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Dark Shadows: The Haunting of Collinwood / Dark Shadows: The Curse of the Vampire




When I worked at Blockbuster Video in the VHS heyday of the early 1990s, MPI Home Video made a mint by releasing every episode "? all 1,225 of them "? of the 1966-1971 soap opera "Dark Shadows." At least I assume as much, because I had customers not only rent them, but more often shelling out $20 a tape for just a handful of episodes. You do the math.

Having been born just as it went off the air, I wondered what made the show so great, but never checked it out, until now. MPI just made the daunting task much easier with two new DVD compilations of particular storylines: "Dark Shadows: The Haunting of Collinwood" and "Dark Shadows: The Curse of the Vampire."

To the newbie, director/producer Dan Curtis' cult classic is a "dark and stormy night" soap drenched in the Gothic tradition, full of melodrama and a touch of the supernatural. At 30 minutes each, the shows are easily digestible, helping overcome their age limitations of being shot live in single takes. "Dark Shadows" wouldn't be "Dark Shadows" without its core character of Barnabas the vampire (Jonathan Frid), and his origins are explored in "The Curse of the Vampire," heavy on the romance as these afternoon serials were (and still are).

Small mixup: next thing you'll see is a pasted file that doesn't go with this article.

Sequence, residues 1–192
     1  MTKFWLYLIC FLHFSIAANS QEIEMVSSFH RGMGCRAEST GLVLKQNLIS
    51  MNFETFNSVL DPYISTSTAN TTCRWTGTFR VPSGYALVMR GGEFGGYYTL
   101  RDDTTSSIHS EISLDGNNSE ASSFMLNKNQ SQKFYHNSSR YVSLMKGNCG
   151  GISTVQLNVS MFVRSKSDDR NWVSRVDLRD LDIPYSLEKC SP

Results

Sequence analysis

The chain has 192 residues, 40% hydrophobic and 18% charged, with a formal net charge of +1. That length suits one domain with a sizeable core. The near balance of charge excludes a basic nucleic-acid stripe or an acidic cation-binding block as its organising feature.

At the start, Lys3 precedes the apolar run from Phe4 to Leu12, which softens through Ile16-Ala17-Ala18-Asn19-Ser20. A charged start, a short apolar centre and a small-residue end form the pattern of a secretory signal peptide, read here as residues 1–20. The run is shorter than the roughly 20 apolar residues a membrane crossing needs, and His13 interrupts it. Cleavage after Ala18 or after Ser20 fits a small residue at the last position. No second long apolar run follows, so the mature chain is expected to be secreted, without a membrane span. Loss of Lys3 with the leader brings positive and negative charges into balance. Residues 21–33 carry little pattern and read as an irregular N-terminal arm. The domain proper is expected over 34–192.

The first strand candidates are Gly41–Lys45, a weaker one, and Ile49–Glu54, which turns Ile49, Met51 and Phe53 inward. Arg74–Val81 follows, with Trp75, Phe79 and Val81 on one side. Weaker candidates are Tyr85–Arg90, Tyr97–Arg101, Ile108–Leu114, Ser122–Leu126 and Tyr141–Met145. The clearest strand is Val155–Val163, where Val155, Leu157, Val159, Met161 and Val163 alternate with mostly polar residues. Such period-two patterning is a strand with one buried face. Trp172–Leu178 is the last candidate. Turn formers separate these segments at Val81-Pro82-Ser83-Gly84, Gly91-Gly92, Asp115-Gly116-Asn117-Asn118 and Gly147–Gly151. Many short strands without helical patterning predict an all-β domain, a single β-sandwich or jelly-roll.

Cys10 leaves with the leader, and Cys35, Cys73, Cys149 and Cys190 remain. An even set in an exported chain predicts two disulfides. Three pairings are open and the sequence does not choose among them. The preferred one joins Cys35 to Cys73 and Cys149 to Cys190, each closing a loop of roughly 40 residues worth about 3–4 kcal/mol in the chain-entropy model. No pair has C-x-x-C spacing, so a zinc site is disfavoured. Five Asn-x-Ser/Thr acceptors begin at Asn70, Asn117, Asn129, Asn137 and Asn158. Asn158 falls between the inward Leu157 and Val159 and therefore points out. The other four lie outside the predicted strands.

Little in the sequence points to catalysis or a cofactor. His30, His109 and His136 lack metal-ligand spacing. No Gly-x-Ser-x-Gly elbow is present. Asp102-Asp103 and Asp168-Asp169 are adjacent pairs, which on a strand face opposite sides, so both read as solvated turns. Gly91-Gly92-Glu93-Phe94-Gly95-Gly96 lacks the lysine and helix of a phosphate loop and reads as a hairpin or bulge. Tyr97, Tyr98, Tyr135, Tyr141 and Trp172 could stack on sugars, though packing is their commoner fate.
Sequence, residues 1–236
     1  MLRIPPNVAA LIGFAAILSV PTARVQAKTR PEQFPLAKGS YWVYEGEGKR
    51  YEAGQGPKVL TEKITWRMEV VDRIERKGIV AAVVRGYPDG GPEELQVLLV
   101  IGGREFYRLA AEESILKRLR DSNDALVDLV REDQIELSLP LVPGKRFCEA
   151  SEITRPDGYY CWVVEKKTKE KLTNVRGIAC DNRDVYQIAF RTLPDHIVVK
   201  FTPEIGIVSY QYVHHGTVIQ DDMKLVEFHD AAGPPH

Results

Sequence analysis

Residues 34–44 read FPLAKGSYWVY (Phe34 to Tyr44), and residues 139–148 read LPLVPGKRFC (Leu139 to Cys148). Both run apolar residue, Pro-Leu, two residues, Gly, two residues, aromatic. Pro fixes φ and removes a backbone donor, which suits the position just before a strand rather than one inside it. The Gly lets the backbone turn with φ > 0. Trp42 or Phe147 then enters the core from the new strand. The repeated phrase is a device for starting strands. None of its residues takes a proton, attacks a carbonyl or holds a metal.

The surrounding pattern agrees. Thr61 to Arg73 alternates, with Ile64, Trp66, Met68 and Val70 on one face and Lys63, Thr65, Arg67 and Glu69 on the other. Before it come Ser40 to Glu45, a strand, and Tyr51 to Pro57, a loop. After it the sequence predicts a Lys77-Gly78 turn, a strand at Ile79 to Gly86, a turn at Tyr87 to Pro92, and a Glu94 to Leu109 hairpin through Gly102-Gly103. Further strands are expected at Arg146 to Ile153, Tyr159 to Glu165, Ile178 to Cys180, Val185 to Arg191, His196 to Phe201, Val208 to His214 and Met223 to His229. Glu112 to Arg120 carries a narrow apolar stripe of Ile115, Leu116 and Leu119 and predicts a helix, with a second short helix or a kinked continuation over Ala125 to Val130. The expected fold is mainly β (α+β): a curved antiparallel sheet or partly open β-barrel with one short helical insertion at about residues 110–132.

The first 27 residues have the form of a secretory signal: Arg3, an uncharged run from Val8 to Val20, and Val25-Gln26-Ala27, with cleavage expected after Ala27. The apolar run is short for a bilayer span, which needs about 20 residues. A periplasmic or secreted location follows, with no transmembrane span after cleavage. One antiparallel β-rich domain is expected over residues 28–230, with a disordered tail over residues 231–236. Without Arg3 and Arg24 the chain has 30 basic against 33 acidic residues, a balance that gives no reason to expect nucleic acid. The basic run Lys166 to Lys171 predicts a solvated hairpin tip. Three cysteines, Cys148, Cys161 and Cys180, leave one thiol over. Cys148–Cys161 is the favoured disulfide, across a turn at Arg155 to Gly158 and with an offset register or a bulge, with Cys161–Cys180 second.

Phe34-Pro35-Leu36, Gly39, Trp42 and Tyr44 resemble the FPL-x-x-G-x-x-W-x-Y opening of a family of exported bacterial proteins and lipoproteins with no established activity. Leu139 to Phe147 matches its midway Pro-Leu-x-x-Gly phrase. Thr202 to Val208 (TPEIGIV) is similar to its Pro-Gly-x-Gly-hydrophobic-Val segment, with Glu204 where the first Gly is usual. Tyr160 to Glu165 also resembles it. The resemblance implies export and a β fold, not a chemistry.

But for me, more fun was had in "The Haunting of Collinwood," in which two kids who are really bad actors go exploring in the Collins' family's seemingly mansion, find a chintzy skeleton and become possessed by the ghost of Quentin Collins (David Selby), a mutton-chopped man who's a werewolf and never speaks. An old-school record player plays a spooky song so often, it will burrow into your brain.

Despite its obvious horror elements, I won't go as far to call "Dark Shadows" scary, but it does its best to unnerve with inventive "? for their time "? effects. That they fail by today's standards ups the series' camp factor. It will give no one the willies, but will give viewers a time-capsule kick, even winning over new fans and priming them for Tim Burton and Johnny Depp's planned big-screen adaptation.

Some of the surviving actors plug their books and Web sites in brief commercials following the main attraction, which struck me as kind of sad. Both discs run more than three hours each, with an extra episode tucked within the bonus features.

"?Rod Lott

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